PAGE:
OER Citations

Student Learning Outcomes with Wikipedia-Based Assignments


McDowell, Z. J., & Stewart, M. D. (2019). Student Learning Outcomes with Wikipedia-Based Assignments. International Journal of Open Educational Resources, 1(2), 63–89. https://doi.org/10.18278/ijoer.1.2.5


A goal of higher education is to ensure that students learn information that enriches both their lives and their careers. Instructors constantly seek out new tools to help students engage and thrive in a shifting marketplace of ideas, technologies, and career paths. Students must master new skills to prepare for the world beyond the classroom and improve their careers, lives, and future scholarship. Among the most cited skills deemed valuable are digital/information literacy, critical research, teamwork, and technology skills. In Fall 2016, over 6,000 students used a Wikipedia-based assignment in lieu of a traditional paper assignment. We conducted a mixed-methods research study using surveys and focus groups to study attitudes, context, and skills transfer. Surveys employed a variety of quantitative and qualitative questions administered online. Thirteen focus groups were also conducted. A total of 1,627 stu- dents and 97 instructors completed the surveys. Preliminary statistical analysis suggests that both students and instructors valued Wikipedia assignments more for learning digital literacy, critical thinking, learning to write for the general public, and learning about the reliability of online sources. Students reported that they were proud of their work, spent more time, and were more satisfied with their class assignment than with traditional coursework. Qualitative findings suggest overwhelmingly that respondents’ perceptions of Wikipedia positively change after having edited Wikipedia. While many students expressed having perceived the space as unreliable prior to editing Wikipedia, their perception shifted through completing the Wikipedia assignment to show more trust in Wikipedia as a reliable information source. Triangulating focus group responses and quantitative survey responses showed that overall students perceived the assignment as useful for developing researching, writing, and information literacy skills, in addition to demonstrating mastery in these skills. Students found their assignments valuable because their work was useful for a public audience as it contributed to conversations outside of the classroom. Responses suggest that students directly engaged con- cepts outlined in the Association of College and Research Library’s (ACRL) Framework for Information Literacy in Higher Education, particularly when engaging understandings of systemic biases, construction of information, and value of information. This research suggests that in addition to their value in learning digital/information literacy, critical research, teamwork, and technology skills, Wikipedia-based assignments also help increase students’ motivation to complete work over traditional writing assignments.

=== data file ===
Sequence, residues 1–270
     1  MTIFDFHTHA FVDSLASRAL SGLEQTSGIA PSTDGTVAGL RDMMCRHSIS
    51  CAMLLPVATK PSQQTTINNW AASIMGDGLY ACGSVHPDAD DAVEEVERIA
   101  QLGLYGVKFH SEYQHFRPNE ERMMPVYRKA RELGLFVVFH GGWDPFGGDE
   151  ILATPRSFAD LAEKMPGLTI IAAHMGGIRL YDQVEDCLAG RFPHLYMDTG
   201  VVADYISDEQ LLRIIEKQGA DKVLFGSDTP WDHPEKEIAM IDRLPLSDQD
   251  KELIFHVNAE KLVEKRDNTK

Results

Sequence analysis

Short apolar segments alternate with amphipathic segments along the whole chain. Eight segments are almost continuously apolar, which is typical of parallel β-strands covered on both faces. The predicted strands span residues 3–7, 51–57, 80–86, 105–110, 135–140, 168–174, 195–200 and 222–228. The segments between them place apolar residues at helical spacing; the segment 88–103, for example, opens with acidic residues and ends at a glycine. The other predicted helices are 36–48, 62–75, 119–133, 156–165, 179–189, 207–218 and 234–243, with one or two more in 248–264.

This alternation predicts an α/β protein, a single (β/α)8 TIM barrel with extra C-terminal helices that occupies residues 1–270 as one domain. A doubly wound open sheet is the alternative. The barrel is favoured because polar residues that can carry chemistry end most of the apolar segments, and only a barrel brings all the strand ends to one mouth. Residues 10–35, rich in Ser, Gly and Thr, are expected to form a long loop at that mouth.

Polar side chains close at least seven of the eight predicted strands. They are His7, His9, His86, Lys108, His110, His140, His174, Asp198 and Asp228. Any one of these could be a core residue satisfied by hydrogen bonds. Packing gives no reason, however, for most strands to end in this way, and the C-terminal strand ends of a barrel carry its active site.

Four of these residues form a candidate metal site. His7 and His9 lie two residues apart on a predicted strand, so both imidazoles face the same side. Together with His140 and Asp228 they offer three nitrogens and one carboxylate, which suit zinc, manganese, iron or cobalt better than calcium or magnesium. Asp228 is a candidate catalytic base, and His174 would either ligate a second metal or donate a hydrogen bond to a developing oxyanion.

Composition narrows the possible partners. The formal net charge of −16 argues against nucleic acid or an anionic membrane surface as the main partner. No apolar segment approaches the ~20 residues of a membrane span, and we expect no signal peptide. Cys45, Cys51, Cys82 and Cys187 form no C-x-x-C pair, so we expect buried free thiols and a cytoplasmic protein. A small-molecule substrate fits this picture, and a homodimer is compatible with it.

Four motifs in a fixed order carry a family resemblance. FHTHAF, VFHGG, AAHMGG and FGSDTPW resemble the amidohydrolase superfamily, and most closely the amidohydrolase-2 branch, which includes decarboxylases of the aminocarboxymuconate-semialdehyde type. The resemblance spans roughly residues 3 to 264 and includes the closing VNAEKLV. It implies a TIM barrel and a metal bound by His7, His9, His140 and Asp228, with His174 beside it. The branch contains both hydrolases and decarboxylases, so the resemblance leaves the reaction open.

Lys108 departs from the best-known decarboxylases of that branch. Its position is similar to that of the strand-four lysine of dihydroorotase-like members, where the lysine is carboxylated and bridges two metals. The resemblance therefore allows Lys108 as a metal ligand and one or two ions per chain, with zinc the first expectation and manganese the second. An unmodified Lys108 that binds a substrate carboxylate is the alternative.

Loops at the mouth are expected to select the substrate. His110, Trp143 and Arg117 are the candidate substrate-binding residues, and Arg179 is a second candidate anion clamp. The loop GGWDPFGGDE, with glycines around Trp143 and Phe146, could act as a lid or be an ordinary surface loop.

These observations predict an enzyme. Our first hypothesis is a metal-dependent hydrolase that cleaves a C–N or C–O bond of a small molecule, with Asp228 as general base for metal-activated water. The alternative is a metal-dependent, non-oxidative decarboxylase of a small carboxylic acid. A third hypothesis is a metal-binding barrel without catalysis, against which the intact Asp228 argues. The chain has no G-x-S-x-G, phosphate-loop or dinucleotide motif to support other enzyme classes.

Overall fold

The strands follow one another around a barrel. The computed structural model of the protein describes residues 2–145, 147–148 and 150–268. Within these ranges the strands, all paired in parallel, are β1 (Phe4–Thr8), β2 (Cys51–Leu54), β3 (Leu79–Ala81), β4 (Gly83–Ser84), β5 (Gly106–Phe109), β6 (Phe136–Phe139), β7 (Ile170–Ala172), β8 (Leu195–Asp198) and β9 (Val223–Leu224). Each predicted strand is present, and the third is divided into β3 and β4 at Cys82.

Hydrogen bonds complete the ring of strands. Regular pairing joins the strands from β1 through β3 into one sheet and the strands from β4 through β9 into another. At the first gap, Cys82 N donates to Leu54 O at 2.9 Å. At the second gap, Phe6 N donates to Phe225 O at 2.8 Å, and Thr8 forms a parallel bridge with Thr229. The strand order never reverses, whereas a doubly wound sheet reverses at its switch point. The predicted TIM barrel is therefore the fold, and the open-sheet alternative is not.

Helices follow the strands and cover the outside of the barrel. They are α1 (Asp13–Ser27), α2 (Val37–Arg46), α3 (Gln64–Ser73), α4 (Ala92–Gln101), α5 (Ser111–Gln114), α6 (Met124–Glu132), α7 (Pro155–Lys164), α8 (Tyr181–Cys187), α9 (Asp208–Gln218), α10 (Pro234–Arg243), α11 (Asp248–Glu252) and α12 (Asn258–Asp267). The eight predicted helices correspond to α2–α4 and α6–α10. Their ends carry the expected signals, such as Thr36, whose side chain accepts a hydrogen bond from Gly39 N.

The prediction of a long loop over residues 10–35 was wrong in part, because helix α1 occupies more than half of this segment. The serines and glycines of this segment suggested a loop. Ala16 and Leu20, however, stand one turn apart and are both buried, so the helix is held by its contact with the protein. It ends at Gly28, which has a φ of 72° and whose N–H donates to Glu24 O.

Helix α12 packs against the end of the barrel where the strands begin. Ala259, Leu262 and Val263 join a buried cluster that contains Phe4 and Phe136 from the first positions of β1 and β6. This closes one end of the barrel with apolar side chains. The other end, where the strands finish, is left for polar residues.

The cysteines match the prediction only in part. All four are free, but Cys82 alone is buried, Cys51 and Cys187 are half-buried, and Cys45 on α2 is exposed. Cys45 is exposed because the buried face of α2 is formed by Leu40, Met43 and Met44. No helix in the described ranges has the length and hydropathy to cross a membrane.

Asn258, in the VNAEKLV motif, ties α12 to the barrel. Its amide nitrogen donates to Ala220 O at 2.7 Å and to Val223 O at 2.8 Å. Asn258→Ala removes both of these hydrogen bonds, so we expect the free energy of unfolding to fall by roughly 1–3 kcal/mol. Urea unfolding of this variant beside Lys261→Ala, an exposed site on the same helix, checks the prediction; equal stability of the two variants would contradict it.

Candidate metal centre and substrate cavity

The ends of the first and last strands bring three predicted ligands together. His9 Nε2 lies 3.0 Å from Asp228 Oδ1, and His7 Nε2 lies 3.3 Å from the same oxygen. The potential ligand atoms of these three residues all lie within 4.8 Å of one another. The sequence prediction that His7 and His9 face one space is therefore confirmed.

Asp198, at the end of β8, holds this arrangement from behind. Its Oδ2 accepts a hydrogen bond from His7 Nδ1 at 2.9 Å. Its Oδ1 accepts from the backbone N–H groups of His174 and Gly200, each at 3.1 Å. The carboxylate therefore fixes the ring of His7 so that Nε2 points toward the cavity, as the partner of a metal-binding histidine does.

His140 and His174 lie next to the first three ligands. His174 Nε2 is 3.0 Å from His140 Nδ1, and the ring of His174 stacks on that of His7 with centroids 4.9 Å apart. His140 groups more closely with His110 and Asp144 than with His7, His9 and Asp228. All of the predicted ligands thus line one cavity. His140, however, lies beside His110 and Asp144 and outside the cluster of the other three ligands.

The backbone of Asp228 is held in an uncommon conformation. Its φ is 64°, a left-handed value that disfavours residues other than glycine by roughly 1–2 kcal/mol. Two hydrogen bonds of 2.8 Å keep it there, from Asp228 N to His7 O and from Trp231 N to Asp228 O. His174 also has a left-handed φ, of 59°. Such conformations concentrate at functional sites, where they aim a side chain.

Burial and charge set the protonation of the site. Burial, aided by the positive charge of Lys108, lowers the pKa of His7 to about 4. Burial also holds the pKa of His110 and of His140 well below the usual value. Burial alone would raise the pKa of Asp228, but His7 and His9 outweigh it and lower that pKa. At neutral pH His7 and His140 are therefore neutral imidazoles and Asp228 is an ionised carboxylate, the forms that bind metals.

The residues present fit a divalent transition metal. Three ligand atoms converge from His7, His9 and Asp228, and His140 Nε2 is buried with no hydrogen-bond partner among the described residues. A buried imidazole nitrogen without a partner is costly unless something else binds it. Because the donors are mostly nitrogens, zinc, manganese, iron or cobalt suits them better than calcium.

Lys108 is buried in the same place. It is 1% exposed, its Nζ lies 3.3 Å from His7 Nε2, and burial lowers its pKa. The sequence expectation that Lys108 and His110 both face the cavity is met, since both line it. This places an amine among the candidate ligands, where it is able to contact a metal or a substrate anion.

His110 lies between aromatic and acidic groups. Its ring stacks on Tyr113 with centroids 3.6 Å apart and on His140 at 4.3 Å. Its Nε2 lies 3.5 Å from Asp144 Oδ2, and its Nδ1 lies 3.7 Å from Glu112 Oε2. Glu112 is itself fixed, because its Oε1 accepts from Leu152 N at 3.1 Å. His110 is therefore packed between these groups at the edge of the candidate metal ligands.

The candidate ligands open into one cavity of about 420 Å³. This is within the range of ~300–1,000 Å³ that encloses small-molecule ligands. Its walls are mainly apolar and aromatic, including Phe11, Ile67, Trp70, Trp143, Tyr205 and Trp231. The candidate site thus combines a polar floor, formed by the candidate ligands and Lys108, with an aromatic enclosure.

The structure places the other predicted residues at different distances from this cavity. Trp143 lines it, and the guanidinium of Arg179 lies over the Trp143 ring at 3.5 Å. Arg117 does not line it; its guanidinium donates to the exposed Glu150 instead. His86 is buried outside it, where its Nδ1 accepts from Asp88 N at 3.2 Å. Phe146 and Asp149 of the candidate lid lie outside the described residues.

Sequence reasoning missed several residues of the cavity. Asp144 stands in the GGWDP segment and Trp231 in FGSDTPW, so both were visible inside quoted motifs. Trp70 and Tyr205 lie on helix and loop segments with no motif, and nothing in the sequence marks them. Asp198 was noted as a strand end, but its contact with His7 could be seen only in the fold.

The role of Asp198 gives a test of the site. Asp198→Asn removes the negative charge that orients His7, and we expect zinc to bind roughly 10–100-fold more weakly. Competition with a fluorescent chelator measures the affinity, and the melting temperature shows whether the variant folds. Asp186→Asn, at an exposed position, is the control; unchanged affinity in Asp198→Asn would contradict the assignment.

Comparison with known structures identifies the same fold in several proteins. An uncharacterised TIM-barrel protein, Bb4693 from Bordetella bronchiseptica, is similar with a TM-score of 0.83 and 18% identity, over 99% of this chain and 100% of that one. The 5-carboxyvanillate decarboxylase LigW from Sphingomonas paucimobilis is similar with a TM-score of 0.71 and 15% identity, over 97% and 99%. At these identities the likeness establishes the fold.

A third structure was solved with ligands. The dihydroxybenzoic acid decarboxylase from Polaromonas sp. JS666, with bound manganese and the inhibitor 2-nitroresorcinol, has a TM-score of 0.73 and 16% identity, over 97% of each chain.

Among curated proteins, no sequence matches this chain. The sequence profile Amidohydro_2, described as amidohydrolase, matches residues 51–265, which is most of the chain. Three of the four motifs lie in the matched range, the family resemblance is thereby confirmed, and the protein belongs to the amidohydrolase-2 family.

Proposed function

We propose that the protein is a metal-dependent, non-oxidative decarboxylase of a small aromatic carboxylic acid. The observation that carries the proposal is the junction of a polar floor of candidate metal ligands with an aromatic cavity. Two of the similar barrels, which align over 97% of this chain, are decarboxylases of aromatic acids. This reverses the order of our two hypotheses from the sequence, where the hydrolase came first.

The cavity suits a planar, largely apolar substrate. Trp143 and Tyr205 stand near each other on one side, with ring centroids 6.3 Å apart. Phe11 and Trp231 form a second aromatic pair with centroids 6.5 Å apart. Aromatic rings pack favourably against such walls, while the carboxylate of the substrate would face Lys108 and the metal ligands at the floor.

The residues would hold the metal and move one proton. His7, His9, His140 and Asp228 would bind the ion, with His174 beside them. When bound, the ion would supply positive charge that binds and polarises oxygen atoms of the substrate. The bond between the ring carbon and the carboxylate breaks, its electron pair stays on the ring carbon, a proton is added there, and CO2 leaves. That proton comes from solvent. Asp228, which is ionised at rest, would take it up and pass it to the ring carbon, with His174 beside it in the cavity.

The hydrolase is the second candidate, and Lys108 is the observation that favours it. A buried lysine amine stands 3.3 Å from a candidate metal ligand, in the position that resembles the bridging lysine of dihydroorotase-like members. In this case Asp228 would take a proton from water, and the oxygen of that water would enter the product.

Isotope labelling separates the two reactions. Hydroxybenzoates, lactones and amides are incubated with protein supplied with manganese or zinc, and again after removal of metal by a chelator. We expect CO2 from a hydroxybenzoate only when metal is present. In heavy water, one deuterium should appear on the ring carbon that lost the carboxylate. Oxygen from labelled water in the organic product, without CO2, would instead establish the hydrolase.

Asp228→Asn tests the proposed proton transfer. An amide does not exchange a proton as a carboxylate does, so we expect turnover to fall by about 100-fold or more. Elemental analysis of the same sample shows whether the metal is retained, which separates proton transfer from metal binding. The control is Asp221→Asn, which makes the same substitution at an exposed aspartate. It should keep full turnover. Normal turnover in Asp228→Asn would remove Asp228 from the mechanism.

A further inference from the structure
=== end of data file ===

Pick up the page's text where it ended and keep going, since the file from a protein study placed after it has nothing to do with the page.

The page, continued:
Citation Type: Journal Article